The disc is made up of 2 parts. In the centre there is a softer, semi fluid tissue called the nucleus. This is surrounded and contained by a wall named the annulus. The wall is layered like the rings of an onion.

When we move we cause pressure to build up on one side of the disc and the soft nucleus is forced to move away from the pressure (like a bar of soap between wet hands). The longer we stay in one position the more the nucleus moves. The surrounding wall limits the amount the nucleus moves.

The structure of the disc changes during our life. These changes are normal but at a certain point in this wear process the chance of the disc prolapsing becomes greater.

How The Disc Changes.

Inside the disc wall fissures or cracks gradually develop. As this occurs the soft nucleus starts to loose water and gradually dries out making it less mobile. During this process there is a risk that some of the nucleus will be pushed into a crack in the disc wall causing the outer wall to bulge. Where the disruption inside the disc is smaller and the outer wall remains strong the displaced nucleus can be returned to its normal position (learn more) . If the pressure on the outer wall becomes too much the wall fails and this is what we term a disc prolapse.

The diagrams above are a view from the side and in cross section to show the inside of the disc.

Why Does The Pain Go Down The Leg?

As the disc prolapses a bulge appears in the disc wall. This bulging of the disc will often push into the space normally occupied by a nerve. The disc bulge places pressure on the nerve and causes it to become inflamed. The result is what we call sciatica, which is a referred pain into the leg. During assessment of the problem there are tests designed to show when the nerve is involved.

The diagrams are a view of the gradual disc bulge and its pressure on the nerve. The view is from above.

Are Xrays Or Scans Needed?

The majority of the diagnostic process comes from looking closely at the symptoms produced by the problem, the limitation of function, and a thorough examination. In most cases x-rays and scans are used to “fill in parts of the puzzle”. When the diagnosis is quite clear then it is better to avoid unnecessary tests as it has been shown that their results don’t significantly influence the treatment.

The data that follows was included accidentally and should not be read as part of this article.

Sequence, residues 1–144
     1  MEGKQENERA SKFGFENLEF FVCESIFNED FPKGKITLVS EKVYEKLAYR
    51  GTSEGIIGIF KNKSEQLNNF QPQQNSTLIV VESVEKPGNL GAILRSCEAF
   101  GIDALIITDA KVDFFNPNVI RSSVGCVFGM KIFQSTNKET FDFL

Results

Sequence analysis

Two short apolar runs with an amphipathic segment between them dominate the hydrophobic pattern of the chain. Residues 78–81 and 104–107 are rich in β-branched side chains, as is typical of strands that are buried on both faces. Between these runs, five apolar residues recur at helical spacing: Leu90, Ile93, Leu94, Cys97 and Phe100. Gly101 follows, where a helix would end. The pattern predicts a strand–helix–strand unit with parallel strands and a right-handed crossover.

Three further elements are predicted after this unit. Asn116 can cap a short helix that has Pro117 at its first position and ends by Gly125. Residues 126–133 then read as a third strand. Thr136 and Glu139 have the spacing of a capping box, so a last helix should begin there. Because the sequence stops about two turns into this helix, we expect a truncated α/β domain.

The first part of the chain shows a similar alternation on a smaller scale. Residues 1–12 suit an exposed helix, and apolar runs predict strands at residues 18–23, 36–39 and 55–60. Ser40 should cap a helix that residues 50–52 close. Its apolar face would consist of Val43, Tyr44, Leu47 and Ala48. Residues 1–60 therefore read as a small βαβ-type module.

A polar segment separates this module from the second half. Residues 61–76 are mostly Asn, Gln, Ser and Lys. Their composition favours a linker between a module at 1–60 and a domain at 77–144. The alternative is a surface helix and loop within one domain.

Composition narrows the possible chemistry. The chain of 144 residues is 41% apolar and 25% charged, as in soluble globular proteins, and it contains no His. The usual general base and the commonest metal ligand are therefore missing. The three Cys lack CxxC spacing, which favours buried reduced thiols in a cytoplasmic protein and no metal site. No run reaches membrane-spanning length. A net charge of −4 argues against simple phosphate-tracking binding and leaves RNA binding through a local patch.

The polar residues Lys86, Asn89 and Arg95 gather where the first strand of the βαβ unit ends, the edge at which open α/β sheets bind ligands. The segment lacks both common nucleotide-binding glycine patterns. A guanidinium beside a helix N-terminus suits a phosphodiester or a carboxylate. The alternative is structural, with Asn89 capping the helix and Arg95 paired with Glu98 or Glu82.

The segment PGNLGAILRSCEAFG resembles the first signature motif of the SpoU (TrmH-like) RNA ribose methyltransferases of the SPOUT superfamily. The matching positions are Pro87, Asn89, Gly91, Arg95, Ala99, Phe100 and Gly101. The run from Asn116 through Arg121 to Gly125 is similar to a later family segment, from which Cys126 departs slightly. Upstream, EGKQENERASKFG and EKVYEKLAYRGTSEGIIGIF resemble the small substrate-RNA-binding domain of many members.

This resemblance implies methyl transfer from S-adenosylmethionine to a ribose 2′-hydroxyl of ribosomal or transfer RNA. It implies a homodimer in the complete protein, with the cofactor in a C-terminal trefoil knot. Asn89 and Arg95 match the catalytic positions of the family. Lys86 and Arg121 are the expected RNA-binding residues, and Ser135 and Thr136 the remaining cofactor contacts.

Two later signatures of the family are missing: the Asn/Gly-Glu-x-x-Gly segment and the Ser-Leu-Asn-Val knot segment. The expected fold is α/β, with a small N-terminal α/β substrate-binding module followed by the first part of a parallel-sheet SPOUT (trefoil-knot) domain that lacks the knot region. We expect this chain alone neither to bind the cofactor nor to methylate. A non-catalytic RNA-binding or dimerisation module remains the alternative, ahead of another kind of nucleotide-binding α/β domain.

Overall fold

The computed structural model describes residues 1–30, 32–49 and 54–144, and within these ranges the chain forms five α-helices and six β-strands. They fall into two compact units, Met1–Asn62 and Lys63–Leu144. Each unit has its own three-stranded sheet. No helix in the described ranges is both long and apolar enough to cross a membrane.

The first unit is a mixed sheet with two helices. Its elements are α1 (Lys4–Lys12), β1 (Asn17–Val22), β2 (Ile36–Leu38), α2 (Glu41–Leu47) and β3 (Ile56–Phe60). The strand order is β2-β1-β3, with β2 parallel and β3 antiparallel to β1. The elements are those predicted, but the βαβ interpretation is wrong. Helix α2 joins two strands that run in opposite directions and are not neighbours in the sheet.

Most often further imaging studies are required when the problem is not responding as expected, when a surgical solution is being investigated, or when the symptom behaviour of the problem is atypical. In these cases the information we gain is very important.

What are the options?

In most cases the problem resolves over a 3 – 6 month period. The worst of the pain usually starts reducing in the first 2 – 3 weeks. Normally it is possible to self manage the problem, minimising the recovery time and the chance of recurrence. It is important to get a good understanding of the problem and the specific exercises to use.

In a minority of cases surgery is required. This is normally to relieve extreme pressure on the nerve, or where the normal improvement of severe symptoms hasn’t occurred. When surgery is the preferred option, full details of the procedure and expected recovery will be supplied by the surgical team.

Each problem is different and unfortunately this means there is no recipe of exercises that are right for everyone. It is important to remain as active as symptoms allow. The rule to follow is that it is all right to cause some pain during movement or activity as long as the pain settles within 1 hour of changing position or stopping the activity. It is also important to note that it is not necessarily the most vigorous activity that does the most damage, in a lot of cases it is in fact the most commonly adopted position we get into on a daily basis (eg. sitting). Guidance is usually required to set up a problem specific and effective self-management programme.

Author Cameron Green

  • Spine Care Clinic
  • Epsom, Akl.
  • Ph. (09) 6306400